Eastside Eats

Aaron May's third Tucson restaurant The Heist produces solid pizza featuring quality ingredients

While a significant percentage of Tucson's population lives east of Swan and south of River in the somewhat made up zone someone at the Weekly decided is the eastside of Tucson ages ago, it's a generally identity-less part of town. Downtown gets to be the subject of Rio Nuevo and streetcar arguments and the general center of nightlife and culture, the University area speaks for itself, the northwest side is where most of the working class has fled these days, the foothills gets to peer down on the less affluent population in the valley below, etc. I've gone to social functions where someone will ask "What neighborhood do you live in?" but answering "I represent Dietz, sucka" usually leads to just a confused stare.

But, still, while a new restaurant seemingly opens every few hours at the other end of the Aviation, deciding where to go for dinner can still be a bit of a challenge. Sure, I'm thankful for BZ's, Brushfire, Beyond Bread and the amazing New Mexican cuisine of Poco and Mom's, but a new place to throw into the mix is always appreciated.

The Heist Pizza Parlour, a creation of Aaron May of May's Counter and Lodge Sasquatch Kitchen in Tucson and a bunch of places in the greater Phoenix area, took over a spot previously occupied by one of the Big Fat Greek places at Broadway and Kolb in late September and while you won't confuse the pies with Chris Bianco's eventual output on Congress, it's a solid, recommendable restaurant, especially for those on the Eastside.

Yes, there's a bunch of stuff that is not pizza on Heist's menu, including some salads (my wife tried the Roast Chicken & Beet) [$11], which featured a nice mix of sweetness provided by dried cranberries to go with tart green apple and the aforementioned beets), sandwiches (I had the large portioned sausage, peppers and onion [$9.49] which was exactly what you'd expect based on the name and tasty) and a variety of pasta dishes (we tried the nightly special [$14], a seafood and cream sauce combo which was fine, although nothing spectacular).

Let's get serious, though. The place has pizza in its name, they have a wood oven, they make their own mozzarella ... the main thing we should be discussing here are the pizzas. Thankfully, they're good, cooked at temperatures hot enough to allow for a crispy crust without a pool of liquid collecting in the center making a mess of everything. You can build your own creation from a list of 23 ingredients, but most customers should be able to pick something from the list of 12 pre-selected options ranging in price from $11 to $15.

We enjoyed all of the options we tried, from the simple pepperoni and cheese of the Do the Right Thing ($11), the Brussels sprouts and pancetta of Everyday I'm Brusselin' ($13) and the yes-that's-sort-of-weird-but-let's-go-with-it collision of prosciutto, honey, arugula and cherries on the Sweet Italian ($14.49). The pizzas fill the Heist's large plates and if you're trying to save a few bucks, two people could certainly split one, especially if you share an appetizer first. I'd suggest the Korean fried wings ($5.49) or the Finger Licking Fried Chickpeas ($7), both of which disappeared quickly from our table.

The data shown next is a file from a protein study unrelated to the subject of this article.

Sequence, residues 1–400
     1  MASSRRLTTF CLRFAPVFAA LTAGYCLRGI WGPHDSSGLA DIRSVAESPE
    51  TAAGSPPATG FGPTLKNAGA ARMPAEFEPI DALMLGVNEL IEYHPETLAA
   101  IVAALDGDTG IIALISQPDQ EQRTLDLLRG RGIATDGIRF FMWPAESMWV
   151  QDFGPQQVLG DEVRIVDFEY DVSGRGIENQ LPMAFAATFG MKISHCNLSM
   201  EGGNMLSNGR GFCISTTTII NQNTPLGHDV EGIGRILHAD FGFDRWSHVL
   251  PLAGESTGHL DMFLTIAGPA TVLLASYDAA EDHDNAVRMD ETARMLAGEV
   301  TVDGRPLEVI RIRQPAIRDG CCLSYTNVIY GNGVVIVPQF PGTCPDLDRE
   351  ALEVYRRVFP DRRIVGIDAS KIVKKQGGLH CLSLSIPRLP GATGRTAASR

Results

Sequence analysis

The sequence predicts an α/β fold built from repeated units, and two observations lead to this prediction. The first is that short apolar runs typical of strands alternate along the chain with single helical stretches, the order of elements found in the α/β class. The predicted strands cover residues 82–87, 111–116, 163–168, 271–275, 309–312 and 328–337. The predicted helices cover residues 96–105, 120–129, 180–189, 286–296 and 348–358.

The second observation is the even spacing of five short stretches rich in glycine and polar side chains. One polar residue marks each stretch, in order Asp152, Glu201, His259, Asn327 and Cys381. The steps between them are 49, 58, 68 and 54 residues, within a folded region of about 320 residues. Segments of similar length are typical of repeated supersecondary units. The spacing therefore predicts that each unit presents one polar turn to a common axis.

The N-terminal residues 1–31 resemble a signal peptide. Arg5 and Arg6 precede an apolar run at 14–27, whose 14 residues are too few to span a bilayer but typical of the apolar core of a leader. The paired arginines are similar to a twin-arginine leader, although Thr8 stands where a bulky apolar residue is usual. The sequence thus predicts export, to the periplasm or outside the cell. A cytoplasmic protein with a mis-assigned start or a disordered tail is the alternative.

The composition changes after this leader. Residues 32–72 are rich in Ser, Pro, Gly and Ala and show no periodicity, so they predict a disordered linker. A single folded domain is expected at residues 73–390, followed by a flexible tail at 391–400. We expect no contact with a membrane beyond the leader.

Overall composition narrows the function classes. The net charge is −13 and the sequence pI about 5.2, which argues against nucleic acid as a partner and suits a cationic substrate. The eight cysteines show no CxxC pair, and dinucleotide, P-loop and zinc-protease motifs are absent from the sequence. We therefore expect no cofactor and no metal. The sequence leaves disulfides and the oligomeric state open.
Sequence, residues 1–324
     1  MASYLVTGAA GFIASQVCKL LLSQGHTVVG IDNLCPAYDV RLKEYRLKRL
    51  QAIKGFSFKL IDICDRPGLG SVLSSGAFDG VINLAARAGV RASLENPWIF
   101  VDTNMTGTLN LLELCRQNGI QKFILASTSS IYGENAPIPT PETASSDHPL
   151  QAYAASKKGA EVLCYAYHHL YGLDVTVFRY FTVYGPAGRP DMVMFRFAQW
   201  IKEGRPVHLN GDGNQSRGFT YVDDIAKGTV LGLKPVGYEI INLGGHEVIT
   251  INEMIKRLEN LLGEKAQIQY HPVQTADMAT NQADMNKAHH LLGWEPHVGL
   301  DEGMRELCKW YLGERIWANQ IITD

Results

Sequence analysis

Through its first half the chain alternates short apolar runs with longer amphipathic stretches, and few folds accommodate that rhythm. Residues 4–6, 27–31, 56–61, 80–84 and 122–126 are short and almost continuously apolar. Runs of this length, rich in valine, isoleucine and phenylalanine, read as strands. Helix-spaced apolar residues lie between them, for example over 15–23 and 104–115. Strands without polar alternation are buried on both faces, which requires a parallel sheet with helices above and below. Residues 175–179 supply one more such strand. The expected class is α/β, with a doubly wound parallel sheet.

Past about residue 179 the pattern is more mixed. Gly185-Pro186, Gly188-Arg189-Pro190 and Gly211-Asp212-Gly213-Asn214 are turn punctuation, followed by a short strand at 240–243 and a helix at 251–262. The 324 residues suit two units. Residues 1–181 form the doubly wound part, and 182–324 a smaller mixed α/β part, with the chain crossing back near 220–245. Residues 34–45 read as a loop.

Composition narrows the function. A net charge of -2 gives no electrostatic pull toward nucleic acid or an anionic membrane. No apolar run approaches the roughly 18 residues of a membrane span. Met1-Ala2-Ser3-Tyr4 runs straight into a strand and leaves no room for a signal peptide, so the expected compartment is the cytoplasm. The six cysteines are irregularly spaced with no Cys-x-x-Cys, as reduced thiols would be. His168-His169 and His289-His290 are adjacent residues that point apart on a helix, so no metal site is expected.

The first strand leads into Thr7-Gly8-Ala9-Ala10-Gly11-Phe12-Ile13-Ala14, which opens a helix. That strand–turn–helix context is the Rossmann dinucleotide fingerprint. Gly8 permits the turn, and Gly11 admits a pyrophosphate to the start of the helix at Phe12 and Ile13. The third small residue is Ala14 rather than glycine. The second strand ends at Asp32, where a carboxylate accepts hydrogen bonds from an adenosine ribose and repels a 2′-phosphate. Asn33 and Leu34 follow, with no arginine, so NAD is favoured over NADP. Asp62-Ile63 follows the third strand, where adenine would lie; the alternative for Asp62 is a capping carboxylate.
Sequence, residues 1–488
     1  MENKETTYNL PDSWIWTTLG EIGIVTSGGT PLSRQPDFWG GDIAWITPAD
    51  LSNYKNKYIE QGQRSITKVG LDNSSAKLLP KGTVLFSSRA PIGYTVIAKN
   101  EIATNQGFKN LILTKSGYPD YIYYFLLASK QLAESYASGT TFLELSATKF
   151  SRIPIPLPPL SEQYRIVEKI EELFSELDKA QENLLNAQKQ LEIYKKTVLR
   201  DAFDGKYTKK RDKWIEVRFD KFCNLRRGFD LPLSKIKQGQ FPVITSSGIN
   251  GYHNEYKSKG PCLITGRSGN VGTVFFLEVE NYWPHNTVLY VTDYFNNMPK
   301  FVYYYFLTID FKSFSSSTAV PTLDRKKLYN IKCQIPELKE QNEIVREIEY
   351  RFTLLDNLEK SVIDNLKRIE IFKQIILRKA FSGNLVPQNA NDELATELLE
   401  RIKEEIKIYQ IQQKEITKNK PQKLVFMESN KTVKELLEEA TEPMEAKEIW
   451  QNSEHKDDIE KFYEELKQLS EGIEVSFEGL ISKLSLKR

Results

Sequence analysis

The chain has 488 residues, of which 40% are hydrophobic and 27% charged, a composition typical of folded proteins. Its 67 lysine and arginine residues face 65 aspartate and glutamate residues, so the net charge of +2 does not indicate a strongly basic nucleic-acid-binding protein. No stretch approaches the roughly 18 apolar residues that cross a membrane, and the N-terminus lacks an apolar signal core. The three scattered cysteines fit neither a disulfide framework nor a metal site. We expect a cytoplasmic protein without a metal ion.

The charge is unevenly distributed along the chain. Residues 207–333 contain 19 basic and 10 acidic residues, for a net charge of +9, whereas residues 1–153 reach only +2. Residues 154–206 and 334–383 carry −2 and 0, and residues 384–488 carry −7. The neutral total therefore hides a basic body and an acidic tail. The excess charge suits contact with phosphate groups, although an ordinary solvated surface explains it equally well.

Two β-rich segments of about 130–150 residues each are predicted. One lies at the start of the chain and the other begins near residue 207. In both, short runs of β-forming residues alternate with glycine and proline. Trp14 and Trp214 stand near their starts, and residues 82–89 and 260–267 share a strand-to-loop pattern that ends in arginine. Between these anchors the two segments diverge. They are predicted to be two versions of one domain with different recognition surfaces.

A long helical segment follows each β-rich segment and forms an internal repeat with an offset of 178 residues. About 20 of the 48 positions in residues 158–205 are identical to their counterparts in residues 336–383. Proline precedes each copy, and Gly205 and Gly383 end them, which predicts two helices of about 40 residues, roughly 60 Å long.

The service was universally helpful and professional each time we went, making a few little missteps forgivable. Someone we dined with asked if a side dish of risotto was gluten-free (we assumed it would be, because it generally is, but you never know), were told it was, only to find out they used orzo instead of rice. Not the biggest deal (even if they probably shouldn't label the dish "risotto"), but a bit frustrating for our wheat-sensitive friend. Otherwise, each experience was really pleasant, with drinks quickly refilled and dishes arriving to the table hot and properly timed.

Speaking of gluten-free, Heist offers crusts in that format for a three-dollar upcharge. Our so-inclined friend mentioned it was probably the best she'd eaten and while I'd stick to the better-tasting gluten-laden option, the slice I tried was good and not far behind the standard version.

You might be recoiling at the idea of paying $20 a person for a pizza-centric dinner (it's the eastside, after all), but Heist provides a bunch of cheaper options to try their wares. Lunch is a decent deal with pizzas priced as $9 across the board Monday through Friday from 11 a.m. to 3 p.m. The pizzas aren't discounted during the daily 3 to 6 p.m. happy hour, but there are some salads and appetizers discounted plus $3 beers and $4 house wine. Happy hour runs all day Sunday, which is a nice touch.

Heist won't likely blow you away, leading you to grab friends by the lapels demanding they go immediately, but you can count on a solid meal in a welcoming environment anchored by quality service. For eastsiders, that's definitely enough to make Heist a welcome addition to the area's dining options.